Music DVD Reviews: Review of Pink Floyd: Pulse

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Buy your copy from Pink Floyd: Pulse starstarstarstarstarLabel: Columbis
Released: 2006

In 1995, Pink Floyd released Pulse, a double live album that contained songs from 1987’s A Momentary Lapse of Reason, 1994’s The Division Bell, the 1973 classic Dark Side of the Moon in its entirety and a few greatest hits sprinkled in for good measure. The visual companion and document of that tour was released this year as a must-have DVD.

This is the complete package of sound and vision from the greatest prog rock band of all time. If you would like to quibble with me over the fact that this is not Pink Floyd because the crusty old patriarch of the band Roger Waters was not involved, you can bite me. Waters may have written The Wall and a bunch of Floyd material but I would argue that the smooth-as-fine-scotch voice of David Gilmour and his unmistakable guitar work is the very soul of Floyd. Waters’ contribution is huge, but the boys proved the show could in fact go on.

Perhaps the purist would have wanted more classic Floyd on this performance as opposed to the focus on Moon and the two post-Waters records. The lack of depth in the material is offset by the eloquent and expert execution of the music by the three remaining members in Gilmour, Nick Mason and Richard Wright, who are joined by a thousand (okay maybe just eight) musicians to create the Floyd sound. Gilmore’s voice is as good as ever and his guitar work is fabulous. The extra musicians really are needed to create the huge atmospheric sound of the recordings. Most of the material is very true to the studio versions with an exception or two. Guy Pratt’s (studio and touring wiz) bass playing really thunders through. His funky slap bass during “Another Brick in the Wall (Pt. II)” doesn’t blaspheme but adds a nice twist to the classic.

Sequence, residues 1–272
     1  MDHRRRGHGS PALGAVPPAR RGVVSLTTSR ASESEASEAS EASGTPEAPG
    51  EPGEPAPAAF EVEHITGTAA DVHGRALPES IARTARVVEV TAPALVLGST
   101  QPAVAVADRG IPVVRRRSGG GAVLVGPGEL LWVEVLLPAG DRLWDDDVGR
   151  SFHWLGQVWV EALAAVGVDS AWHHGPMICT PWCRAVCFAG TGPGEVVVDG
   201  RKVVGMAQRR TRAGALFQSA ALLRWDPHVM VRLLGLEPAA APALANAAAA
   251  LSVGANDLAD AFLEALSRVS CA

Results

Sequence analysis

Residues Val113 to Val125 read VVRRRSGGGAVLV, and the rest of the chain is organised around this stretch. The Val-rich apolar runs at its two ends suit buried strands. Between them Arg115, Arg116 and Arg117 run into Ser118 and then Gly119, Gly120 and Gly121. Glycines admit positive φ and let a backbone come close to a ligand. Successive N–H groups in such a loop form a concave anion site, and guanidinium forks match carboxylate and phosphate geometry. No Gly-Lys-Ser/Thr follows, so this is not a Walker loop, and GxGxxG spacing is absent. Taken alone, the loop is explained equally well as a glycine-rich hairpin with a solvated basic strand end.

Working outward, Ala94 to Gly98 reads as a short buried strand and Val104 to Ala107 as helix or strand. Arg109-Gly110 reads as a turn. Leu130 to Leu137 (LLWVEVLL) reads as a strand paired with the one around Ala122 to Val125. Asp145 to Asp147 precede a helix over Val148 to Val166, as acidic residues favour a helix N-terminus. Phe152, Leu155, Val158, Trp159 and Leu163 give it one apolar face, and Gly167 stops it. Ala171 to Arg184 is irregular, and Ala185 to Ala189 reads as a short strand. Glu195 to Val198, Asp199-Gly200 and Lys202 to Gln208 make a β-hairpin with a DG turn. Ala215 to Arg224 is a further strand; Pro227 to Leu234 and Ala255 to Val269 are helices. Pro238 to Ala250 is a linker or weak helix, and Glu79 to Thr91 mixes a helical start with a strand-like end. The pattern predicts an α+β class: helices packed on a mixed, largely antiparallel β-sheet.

Visually, “Pulse”is stunning and stimulating. The pavilion stage with its billions of light tricks and lasers is an additional player in the show. The director does a terrific job of balancing shots of the performers with the overall presentation of the entire stage, including elements such as the large oval video screen and light show. The surrealist visual images are dazzling as encompassed into the presentation. Not only is the ear pleased but the eye is rewarded.

Extras include the video screen movies in their entirety, a backstage (12+ minute) documentary shot on video cam by one of the crew, and drawings of the stage. Several songs are included on “Bootlegging the Bootleggers” bonus as shot from a handheld (in which the audio matches the bootleg tag). There are maps of the tour, cover art and a “Pulse”television ad also included with the two disc concert. Those are fine but the concert is magical. This is my DVD release of the year, so if you want to take a look at the Floyd experience, this more than does the trick in presenting their entire concept of art.

~R. David Smola